Stephen Loosley

The Weekend Australian - Review - - Books -

Ad­mi­ral Isoroku Ya­mamoto, ar­chi­tect of Ja­pan’s treach­er­ous but stun­ning at­tack on Pearl Har­bor on De­cem­ber 7, 1941, was a bril­liant strate­gist. Yet he knew his skills were tem­pered by his na­tion’s mil­i­tary and ma­te­rial lim­i­ta­tions. In­formed of Ja­pan’s suc­cess in dev­as­tat­ing the US Pa­cific fleet, he mused that all Ja­pan had achieved was to awaken a sleep­ing gi­ant and fill it with a ter­ri­ble re­solve.

That was ac­cu­rate in ev­ery de­tail, but what the ad­mi­ral could not fore­see was that Amer­i­can re­solve would in­clude his death as ret­ri­bu­tion for the slaugh­ter at Pearl Har­bor, and in di­rect con­se­quence of Ja­panese pro­pa­ganda declar­ing Ya­mamoto would dic­tate the peace terms to the Amer­i­cans in the White House.

In Craig Col­lie’s Code Break­ers, Ya­mamoto looms large in the sec­tions on the turn­ing points of the Pa­cific War: the bat­tles of the Co­ral Sea and Mid­way, the am­bush of Ya­mamoto’s plane by Amer­i­can fight­ers over the Solomons.

All th­ese al­lied vic­to­ries were the prod­uct of painstak­ing, in­sight­ful, some­times bril­liant code­break­ing by Amer­i­can, Aus­tralian and Bri­tish sig­nals in­tel­li­gence an­a­lysts.

Col­lie has pre­vi­ously writ­ten a splen­did ac­count of the Kokoda cam­paign from a Ja­panese per­spec­tive: The Path of In­fi­nite Sor­row (2009), with Ha­jime Maru­tani, which was pen­e­trat­ing in its re­search and orig­i­nal in its con­clu­sions. His other books on the bomb­ing of Na­gasaki and the Chi­nese repub­li­can rev­o­lu­tion make him a fine wartime his­to­rian.

Code Break­ers, an en­gag­ing and en­light­en­ing book, adds to this author­ity. It is the best book on the sig­nif­i­cance of crypt­anal­y­sis in the Pa­cific War since El­liot Carl­son’s Joe Rochefort’s War (2011), a bi­og­ra­phy of the renowned Amer­i­can code­breaker at Sta­tion Hypo, Hawaii.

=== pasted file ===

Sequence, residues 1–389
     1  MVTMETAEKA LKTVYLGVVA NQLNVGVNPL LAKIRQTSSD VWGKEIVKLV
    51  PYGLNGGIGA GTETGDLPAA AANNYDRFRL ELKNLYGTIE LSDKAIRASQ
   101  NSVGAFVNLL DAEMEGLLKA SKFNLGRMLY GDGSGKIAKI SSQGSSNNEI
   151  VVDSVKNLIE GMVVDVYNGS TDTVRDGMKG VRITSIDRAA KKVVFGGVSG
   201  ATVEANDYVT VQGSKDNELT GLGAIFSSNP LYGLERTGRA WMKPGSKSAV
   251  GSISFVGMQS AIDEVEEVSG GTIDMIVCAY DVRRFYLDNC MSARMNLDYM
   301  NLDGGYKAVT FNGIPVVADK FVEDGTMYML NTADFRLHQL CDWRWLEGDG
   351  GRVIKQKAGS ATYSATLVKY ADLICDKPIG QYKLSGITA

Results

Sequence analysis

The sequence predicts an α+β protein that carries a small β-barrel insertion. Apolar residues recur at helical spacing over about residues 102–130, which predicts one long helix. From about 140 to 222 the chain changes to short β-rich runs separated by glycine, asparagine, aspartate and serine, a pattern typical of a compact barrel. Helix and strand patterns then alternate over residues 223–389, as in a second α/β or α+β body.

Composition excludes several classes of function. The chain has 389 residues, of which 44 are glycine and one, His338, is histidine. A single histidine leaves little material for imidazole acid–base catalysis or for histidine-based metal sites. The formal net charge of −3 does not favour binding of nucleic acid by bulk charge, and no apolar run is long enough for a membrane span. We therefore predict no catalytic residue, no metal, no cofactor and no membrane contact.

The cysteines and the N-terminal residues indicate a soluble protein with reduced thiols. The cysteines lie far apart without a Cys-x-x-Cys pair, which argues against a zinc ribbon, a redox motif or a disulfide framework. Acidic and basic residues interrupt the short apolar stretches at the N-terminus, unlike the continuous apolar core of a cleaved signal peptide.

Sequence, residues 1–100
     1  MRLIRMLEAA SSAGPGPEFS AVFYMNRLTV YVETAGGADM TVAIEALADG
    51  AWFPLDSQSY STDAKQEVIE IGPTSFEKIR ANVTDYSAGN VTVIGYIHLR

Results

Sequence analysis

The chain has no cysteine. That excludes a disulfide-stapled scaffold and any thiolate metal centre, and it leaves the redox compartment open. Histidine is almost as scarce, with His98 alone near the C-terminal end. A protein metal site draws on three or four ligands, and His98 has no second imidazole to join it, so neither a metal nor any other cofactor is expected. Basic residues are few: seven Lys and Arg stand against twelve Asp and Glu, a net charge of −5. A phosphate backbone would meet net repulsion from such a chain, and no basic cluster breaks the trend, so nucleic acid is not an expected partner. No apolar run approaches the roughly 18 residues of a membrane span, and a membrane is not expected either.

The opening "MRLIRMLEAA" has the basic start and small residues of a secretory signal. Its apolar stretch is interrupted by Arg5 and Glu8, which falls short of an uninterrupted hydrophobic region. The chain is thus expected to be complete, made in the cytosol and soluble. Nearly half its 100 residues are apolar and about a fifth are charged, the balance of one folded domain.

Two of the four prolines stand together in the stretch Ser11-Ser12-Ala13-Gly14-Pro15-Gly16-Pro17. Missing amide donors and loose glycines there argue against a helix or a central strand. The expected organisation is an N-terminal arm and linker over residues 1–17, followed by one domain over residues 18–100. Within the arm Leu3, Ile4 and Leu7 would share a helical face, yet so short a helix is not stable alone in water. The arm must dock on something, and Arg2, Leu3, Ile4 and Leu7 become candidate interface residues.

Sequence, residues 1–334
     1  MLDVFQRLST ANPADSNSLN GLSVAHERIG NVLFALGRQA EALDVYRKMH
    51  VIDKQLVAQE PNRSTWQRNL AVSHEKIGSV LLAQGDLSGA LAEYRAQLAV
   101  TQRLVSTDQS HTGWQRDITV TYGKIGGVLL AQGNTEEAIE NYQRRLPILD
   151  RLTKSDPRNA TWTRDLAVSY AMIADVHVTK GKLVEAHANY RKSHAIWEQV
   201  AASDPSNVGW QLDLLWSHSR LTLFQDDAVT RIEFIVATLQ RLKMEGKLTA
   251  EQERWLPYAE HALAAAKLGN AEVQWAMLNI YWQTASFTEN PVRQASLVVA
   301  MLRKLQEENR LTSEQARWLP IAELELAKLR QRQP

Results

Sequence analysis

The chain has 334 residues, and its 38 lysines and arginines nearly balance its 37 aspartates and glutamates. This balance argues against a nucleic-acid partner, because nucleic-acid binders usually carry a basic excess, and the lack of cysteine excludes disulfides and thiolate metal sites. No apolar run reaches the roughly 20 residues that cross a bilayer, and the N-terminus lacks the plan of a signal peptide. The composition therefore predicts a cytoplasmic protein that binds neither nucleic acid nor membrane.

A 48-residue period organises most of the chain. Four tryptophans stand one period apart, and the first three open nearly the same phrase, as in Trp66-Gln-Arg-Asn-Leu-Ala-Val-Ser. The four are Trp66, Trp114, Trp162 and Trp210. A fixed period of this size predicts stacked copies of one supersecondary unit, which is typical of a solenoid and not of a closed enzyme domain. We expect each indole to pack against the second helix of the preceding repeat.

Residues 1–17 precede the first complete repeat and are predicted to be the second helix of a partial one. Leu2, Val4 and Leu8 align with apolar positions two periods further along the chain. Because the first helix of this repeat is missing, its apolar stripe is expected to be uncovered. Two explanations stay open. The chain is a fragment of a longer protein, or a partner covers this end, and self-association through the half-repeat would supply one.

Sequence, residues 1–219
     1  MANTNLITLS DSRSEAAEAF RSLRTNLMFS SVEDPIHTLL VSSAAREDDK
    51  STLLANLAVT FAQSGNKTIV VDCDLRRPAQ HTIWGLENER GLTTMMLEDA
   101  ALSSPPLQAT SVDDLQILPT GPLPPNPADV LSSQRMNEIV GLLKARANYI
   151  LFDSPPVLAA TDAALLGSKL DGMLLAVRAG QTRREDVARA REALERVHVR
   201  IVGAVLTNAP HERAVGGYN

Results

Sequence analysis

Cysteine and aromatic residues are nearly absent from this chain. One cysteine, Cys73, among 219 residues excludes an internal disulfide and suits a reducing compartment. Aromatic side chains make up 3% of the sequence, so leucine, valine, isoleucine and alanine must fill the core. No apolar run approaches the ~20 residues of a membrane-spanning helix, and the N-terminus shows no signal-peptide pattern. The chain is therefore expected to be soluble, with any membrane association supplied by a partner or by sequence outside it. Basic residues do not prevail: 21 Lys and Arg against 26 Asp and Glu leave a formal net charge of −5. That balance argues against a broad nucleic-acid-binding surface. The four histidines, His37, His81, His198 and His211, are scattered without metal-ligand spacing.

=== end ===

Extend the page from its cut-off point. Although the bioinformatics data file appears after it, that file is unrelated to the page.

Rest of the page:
Col­lie traces the stum­bling devel­op­ment of Aus­tralian ef­forts at sig­nals in­tel­li­gence be­fore World War II. It is a story of po­lit­i­cal hes­i­ta­tion over­shad­owed by imperial as­ser­tions of power.

One episode tells an epic story. The per­cep­tive lieu­tenant com­man­der Ru­pert Long, the di­rec­tor of naval in­tel­li­gence, rec­om­mended to the chief of naval staff of the RAN, ad­mi­ral Rag­nar Colvin, that a ded­i­cated sig­nals unit be es­tab­lished in Aus­tralia to in­ter­cept and de­code the ra­dio traf­fic of po­ten­tial ad­ver­saries, par­tic­u­larly Ger­man trans­mis­sions.

“The Colvin pro­posal was con­sid­ered by the De­fence Com­mit­tee in early 1940 and passed to Prime Min­is­ter Robert Men­zies in April,’’ Col­lie writes. “Men­zies was un­con­vinced. Most en­emy — that is, Ger­man — mes­sages were transmitted in Europe and the At­lantic, and he saw Code Break­ers By Craig Col­lie Allen & Un­win, 400pp, $32.99 FECB (Far East Com­bined Bureau) as al­ready cov­er­ing Asia. None­the­less, he wrote to the Do­min­ions Of­fice seek­ing the views of the Bri­tish gov­ern­ment. It was in no rush to pro­vide them.”

Men­zies’ re­liance on Bri­tish de­ci­sion mak­ing nearly had se­ri­ous con­se­quences for Aus­tralian ca­pa­bil­ity and se­cu­rity: “In Oc­to­ber, 1940, Bri­tain’s Sec­re­tary of State for Do­min­ion Af­fairs, Lord Cran­borne, fi­nally replied to Prime Min­is­ter Men­zies, say­ing he saw no reason to set up a large-scale in­tel­li­gence body in Aus­tralia.”

De­spite this, an Aus­tralian crypt­anal­y­sis ca­pac­ity did emerge, with re­gional back­ing not only from Bri­tish naval per­son­nel in the re­gion but from the Dutch (East Indies) and New Zealand. The prime mover in this pol­icy, which saw the es­tab­lish­ment of the Spe­cial In­tel­li­gence Bureau, was the RAN di­rec­tor of sig­nals and com­mu­ni­ca­tions, lieu­tenant com­man­der Jack New­man.

This fun­da­men­tal step en­abled Aus­tralia to

USS Ari­zona dur­ing the at­tack on Pearl Har­bor

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